While D. pacifica individuals were on the settlement plates, the males were able to move quickly and efficiently between worms, algas, sponges etc. and avoid being in the open area. When moved into a petrie dish, the males struggled to move due to the presence of their enlarged gnathopod. Instead, they would ‘spin’ around their gnathopod. Females, who lacked the enlarged gnathopod did not seem to change in their locomotion. From this, it can be inferred that the species, or more specifically the males, rely on the uneven benthos for locomotion. This trade-off in locomotion for claw size would come at a great expense of the individual, and thus sexual selection must be extremely high.

Figure 3

Anatomy and Physiology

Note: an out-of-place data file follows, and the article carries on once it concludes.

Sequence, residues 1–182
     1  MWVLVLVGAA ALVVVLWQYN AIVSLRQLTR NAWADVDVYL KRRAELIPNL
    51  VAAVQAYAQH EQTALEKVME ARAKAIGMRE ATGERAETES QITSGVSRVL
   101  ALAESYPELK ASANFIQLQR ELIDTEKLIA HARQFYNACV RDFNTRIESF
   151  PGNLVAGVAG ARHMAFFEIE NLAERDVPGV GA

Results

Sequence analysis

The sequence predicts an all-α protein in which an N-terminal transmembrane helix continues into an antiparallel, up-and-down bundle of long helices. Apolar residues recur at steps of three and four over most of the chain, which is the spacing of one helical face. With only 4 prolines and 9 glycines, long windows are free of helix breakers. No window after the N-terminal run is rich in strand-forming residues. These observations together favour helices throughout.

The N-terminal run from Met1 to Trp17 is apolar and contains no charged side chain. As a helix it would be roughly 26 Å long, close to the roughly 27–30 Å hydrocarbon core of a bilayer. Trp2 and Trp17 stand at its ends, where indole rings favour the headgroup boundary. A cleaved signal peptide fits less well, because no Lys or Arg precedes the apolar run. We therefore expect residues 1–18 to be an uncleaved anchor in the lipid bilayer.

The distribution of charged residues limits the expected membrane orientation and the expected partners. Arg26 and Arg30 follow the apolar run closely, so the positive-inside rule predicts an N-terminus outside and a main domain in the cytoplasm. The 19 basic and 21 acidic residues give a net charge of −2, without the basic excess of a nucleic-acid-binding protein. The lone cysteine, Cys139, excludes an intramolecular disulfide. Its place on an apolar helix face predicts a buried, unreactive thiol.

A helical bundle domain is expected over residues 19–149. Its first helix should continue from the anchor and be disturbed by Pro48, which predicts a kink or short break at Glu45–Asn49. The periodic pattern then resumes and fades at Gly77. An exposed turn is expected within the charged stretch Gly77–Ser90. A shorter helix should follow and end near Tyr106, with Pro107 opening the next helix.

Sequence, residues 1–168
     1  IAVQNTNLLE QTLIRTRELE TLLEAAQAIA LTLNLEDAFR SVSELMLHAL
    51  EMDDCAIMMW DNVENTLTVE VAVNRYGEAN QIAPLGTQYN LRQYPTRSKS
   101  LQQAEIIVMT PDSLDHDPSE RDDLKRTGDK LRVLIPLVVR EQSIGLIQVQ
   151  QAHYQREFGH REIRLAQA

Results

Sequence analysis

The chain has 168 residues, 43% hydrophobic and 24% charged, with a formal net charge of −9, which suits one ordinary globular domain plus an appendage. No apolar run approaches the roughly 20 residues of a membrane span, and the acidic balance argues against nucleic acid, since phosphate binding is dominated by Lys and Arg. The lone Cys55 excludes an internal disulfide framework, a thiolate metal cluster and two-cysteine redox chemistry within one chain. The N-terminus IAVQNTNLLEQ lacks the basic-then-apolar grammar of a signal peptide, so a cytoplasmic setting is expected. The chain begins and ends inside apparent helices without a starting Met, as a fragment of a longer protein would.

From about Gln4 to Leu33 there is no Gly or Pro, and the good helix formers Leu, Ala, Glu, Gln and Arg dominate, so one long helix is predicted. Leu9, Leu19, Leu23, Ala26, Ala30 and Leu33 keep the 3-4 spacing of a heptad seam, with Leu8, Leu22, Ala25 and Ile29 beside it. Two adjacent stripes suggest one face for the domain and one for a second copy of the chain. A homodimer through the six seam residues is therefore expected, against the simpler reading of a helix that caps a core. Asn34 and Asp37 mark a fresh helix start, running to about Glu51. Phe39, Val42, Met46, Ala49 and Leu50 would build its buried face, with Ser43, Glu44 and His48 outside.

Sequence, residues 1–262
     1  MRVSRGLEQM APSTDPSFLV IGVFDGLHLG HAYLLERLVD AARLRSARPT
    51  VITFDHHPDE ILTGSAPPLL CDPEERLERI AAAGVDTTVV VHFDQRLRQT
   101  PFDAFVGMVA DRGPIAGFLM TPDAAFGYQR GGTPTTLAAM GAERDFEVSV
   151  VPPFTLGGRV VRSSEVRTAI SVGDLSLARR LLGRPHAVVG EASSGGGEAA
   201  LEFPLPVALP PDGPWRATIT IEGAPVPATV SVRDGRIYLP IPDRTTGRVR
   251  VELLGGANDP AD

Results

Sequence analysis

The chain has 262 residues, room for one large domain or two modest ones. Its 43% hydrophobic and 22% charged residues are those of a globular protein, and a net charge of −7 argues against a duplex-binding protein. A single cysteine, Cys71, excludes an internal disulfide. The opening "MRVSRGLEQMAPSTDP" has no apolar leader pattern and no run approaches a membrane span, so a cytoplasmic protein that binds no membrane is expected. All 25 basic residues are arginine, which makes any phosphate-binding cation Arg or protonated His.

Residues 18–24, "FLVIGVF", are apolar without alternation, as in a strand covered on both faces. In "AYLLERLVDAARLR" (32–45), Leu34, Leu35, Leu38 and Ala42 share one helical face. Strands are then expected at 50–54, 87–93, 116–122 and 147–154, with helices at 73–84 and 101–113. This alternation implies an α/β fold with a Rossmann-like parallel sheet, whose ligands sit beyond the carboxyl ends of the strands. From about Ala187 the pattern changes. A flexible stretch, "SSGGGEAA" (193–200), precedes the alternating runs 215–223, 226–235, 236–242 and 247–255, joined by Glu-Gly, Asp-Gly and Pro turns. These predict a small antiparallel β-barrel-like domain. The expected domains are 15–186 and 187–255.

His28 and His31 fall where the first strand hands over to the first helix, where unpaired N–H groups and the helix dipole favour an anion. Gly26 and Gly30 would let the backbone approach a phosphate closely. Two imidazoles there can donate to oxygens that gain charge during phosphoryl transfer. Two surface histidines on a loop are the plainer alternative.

Due to the sexual dimorphism seen in this species I will take a closer look at the anatomy of D. pacifica. The specimen I collected consisted of six males and 2 females. Of the six males, three had an enlarged right claw and the others an enlarged left claw. This would indicated that there would be no benefit to being left- or right-clawed and thus there is a 0.5 probability of being left- or right-clawed. However, Munguia and Heldt (2016) found right-clawed males are more attractive to females. The sexual selection for this specific trait ensures the continuation of the ‘right-clawedness’ trait and would mean the eventual decline of left-clawed males. This was not seen in the individuals collected for this study. Therefore there must be both benefits and disadvantages to being left- and right-clawed.